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J&J joins amazing race
October 2013
by Lori Lesko  |  Email the author
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LONDON—Johnson & Johnson (J&J) has entered the race to become the first company to discover, develop and market an effective vaccine to treat Dengue fever—the world's fastest-spreading tropical disease, infecting up to 100 million people worldwide this year. Teaming up with academic researchers at the University of Leuven (KU Leaven) in Belgium and the London-based Wellcome Trust medical charity, J&J believes it has the inside track to a cure—despite competition from Paris-based Sanofi Pasteur and Japan-based Takeda.  
 
Spread by the Aedes aegypti mosquito, dengue has grown rapidly along with urbanization and globalization because it thrives in tropical megacities and is easily spread in goods containing small puddles of water. The World Health Organization (WHO) estimates that 50 million to 100 million infections occur each year. The incidence has increased sharply in the last 40 years, and the disease now affects more than 100 countries. In 2009, the Florida Keys had its first cases in decades. Last year, Europe experienced its first sustained transmission of dengue fever since the 1920s with around 2,000 people infected in the Portuguese archipelago of Madeira.
 
Ratcheting up the statistics, experts estimated in April that there may be as many as 390 million dengue infections around the world each year, although not all patients get seriously sick. Current approaches to treating the condition are focused on alleviating symptoms, rather than attacking the cause. There is currently no drug treatment or vaccine for the mosquito-borne viral disease that is also known as "breakbone fever" because of the severe pain it can cause the joints and muscles. Severe cases can involve bleeding and shock and can be fatal, particularly for children.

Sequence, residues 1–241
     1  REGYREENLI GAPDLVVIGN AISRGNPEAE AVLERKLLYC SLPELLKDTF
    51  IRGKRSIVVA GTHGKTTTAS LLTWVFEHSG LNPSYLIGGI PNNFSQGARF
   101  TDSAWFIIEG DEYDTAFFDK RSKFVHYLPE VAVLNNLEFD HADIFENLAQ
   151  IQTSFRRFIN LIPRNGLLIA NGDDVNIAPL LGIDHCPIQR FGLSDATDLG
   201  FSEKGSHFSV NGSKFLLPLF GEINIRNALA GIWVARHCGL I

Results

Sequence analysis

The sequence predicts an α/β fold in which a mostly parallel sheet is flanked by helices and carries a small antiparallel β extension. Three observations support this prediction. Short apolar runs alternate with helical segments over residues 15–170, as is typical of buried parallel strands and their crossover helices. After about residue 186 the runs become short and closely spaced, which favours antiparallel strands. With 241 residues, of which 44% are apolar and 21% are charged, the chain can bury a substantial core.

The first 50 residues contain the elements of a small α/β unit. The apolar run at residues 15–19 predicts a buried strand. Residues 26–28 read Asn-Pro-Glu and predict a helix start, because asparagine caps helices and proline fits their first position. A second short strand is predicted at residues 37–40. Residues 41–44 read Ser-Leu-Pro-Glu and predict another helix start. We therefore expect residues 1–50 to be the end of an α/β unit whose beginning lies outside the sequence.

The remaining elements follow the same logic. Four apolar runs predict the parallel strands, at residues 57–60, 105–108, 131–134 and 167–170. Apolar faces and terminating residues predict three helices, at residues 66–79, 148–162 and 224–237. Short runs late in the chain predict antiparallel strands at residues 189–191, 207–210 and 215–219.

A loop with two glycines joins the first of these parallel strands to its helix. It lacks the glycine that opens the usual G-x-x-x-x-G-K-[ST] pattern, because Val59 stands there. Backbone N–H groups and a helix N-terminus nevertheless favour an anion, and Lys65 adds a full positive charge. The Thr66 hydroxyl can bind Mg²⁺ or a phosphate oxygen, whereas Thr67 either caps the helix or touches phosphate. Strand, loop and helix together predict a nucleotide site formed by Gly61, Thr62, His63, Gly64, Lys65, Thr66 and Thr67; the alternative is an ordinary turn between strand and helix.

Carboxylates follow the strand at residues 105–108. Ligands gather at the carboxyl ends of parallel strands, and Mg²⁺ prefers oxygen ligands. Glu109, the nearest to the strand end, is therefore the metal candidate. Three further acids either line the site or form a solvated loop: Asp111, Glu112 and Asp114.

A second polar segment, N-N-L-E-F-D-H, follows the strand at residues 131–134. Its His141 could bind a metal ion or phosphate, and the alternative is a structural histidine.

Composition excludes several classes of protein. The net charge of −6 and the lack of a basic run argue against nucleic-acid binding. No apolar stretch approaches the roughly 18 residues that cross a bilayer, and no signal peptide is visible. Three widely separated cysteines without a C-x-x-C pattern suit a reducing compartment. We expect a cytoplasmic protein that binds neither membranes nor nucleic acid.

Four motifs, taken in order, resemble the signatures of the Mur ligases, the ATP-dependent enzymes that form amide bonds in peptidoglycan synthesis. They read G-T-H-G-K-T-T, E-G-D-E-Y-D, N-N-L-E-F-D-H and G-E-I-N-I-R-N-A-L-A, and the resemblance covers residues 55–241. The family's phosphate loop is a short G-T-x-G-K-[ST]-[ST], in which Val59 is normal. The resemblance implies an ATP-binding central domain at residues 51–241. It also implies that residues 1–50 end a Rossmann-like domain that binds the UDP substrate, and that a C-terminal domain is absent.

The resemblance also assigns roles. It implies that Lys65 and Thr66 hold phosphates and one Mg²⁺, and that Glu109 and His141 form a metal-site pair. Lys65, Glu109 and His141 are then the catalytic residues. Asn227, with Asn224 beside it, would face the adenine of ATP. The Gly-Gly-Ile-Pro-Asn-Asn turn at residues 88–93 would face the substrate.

The collaboration of J&J's Janssen unit, researchers at the KU Leuven and financial backing from Wellcome Trust will build on the discovery of a series of chemical compounds that are highly potent in preventing the replication of dengue virus. The compounds, which have yet to be tested in clinical trials, are active against all four types of the virus and have been shown to work in animal tests. Under the terms of the agreement, J&J made an undisclosed upfront payment and will make future milestone payments to KU Leuven based upon the achievement of development, regulatory and sales goals.
 
Daniel De Schryver, global communications leader of infectious diseases and vaccines for Janssen J&J, says the collaborative project will build on an existing three-year drug discovery program at the Rega Institute and the Centre for Drug Design and Discovery at KU Leuven, supported by a Wellcome Trust Seeding Drug Discovery Award.
 
"There are several published mouse models for dengue virus infection which allow evaluation of antiviral test compounds," De Schryver tells DDNews. "The chemical series involved in this collaboration have shown promising activity in such models."